We are always in partnership with God and others. Embracing life in any other way sets up a false context. We can act like we’re not brothers and sisters, but the consequences are devastating. We can act like God is our last resort rather than our partner, but that always leads to regret. Doing what God wants us to do in community with others means we have to finish what we start.
Most impulsive choices are made out of fashion or passion, not out of great priorities or forethought. Impulse buying and actions aren’t usually grounded in values or a sense of consequences. The Scripture readings for the 23rd Sunday in Ordinary Time remind us that taking time to think and pray about what we are doing will help us bring it to completion.
Prayer, in which we acknowledge our partnership with God and one another, is a great place to start with planning for the future. We know that we don’t control all the details of the world or our lives, but we do know that we have much authority within ourselves. Even though we’re tempted to scapegoat others for our problems or circumstances, we realize that much of what happens in our lives has to do with our choices. Taking the time to pray at the beginning of every day allows God to have a voice in what we think needs to happen. Allowing our mind and heart to be present to God will help us see the bigger picture and allow ourselves to set the proper priorities. Prayer and surrender allow us to see what is within our control and what is not. It also helps us to see more clearly what it will take to do what is being asked of us. Out of that meditation and prayer come moral priorities that lead us in the right direction. Our relationship with God also gives us the virtue that we need to be steadfast and faithful in our commitments and plans. It gives us the space to allow God to complete the good work that He has begun in all of us.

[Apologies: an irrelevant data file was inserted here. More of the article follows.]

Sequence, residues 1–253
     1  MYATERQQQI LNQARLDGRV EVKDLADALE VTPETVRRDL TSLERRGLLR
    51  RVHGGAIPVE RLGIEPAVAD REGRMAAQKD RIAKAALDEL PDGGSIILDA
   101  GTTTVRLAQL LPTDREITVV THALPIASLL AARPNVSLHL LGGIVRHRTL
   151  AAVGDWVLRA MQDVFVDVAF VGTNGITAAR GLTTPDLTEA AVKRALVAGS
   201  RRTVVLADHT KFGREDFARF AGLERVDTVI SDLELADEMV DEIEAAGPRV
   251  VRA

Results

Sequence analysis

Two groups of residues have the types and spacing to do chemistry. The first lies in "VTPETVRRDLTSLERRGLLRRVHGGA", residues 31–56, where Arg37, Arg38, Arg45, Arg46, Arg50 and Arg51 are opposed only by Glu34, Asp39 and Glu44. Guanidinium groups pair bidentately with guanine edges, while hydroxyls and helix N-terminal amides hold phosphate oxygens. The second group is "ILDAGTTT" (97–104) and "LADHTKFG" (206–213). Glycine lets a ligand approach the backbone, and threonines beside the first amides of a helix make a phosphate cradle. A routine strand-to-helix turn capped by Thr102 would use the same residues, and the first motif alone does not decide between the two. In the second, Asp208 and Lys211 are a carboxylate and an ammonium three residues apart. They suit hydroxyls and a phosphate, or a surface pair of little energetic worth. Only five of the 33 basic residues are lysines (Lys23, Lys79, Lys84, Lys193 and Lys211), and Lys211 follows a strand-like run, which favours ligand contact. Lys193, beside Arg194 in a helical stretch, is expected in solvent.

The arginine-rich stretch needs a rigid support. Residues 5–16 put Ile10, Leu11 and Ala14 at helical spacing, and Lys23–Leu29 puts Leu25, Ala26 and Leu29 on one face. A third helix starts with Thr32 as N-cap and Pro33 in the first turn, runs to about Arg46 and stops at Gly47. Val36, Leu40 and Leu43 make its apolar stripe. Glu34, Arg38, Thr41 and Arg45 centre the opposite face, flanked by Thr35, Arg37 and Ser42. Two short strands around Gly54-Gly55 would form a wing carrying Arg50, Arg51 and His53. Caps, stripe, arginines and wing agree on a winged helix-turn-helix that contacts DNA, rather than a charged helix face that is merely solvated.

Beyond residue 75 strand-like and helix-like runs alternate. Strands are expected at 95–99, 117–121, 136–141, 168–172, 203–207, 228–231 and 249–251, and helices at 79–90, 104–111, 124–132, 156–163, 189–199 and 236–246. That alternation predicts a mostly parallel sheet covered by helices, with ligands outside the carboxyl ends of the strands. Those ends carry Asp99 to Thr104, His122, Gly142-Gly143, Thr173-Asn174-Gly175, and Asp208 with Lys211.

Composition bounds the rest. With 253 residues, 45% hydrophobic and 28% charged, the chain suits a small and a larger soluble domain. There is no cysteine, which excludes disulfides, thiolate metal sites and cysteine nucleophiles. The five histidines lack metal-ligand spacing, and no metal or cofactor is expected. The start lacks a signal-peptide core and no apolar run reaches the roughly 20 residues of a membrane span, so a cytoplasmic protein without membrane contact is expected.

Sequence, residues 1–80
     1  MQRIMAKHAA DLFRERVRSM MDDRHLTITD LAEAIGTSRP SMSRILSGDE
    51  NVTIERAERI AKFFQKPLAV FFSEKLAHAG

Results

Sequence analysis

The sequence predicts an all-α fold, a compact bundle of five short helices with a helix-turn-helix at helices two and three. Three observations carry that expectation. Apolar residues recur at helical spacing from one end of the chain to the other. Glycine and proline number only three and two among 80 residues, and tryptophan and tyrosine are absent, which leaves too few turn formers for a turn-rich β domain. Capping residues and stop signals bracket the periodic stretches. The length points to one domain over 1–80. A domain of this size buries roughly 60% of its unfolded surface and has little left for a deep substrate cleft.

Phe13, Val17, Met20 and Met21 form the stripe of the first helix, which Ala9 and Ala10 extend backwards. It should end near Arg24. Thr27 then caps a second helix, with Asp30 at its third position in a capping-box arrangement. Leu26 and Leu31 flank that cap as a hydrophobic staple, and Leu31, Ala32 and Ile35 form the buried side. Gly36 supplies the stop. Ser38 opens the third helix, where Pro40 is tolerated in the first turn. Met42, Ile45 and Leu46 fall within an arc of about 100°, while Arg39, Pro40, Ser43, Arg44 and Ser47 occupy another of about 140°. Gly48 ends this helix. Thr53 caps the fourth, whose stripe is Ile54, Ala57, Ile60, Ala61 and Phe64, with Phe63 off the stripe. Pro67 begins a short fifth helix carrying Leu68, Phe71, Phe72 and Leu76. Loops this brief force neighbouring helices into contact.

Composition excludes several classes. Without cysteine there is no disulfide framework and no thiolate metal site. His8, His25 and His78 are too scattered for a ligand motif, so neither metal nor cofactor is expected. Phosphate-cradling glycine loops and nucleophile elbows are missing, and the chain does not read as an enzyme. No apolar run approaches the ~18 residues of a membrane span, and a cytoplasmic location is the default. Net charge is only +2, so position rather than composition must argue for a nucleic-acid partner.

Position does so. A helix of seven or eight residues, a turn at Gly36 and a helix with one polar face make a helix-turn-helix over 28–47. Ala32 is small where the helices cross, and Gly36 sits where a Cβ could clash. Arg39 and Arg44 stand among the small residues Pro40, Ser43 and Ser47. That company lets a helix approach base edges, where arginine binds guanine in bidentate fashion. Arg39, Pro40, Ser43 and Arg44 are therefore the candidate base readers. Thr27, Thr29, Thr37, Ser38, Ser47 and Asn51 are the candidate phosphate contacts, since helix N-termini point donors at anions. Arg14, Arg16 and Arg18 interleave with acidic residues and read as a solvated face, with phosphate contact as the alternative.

The foundation of prayer and relationship with God and one another helps us to sustain the commitments we have made through love and suffering. It allows us to embrace the deepest experiences of love and suffering, which crack open in each of us a deeper sense of God’s presence, our wholeness and the life of God that surrounds us.
Living in this moment in the presence of God, not the past or the future, allows us to focus on what is needed instead of being overwhelmed by the anticipation of the future or being paralyzed by the regrets the past. What allows us to remain steadfast and faithful is the anchor of God’s eternal and unconditional love for each of us. That anchor allows us to endure the storms and suffering and take in the joys and love. That unconditional love helps usshed any arrogance or supposed self-sufficiency and recognize our right relationship with God and one another.
The combination of our own earthly wisdom and God’s divine wisdom is a mighty combination. It allows us to believe and act on the belief that we can make a difference in the world that brings about the kingdom of God. It helps us to believe in and experience the Real Presence of Christ in the experiences of suffering and dying. These experiences come in part through our regular lives and through the daily resurrections. Let us be faithful to one another and to God so that we can sustain the great work that Jesus began here on earth. May we each be reflections of sustaining hope and renewing joy.
Father Wester is pastor of All Saints Parish in St. Peters.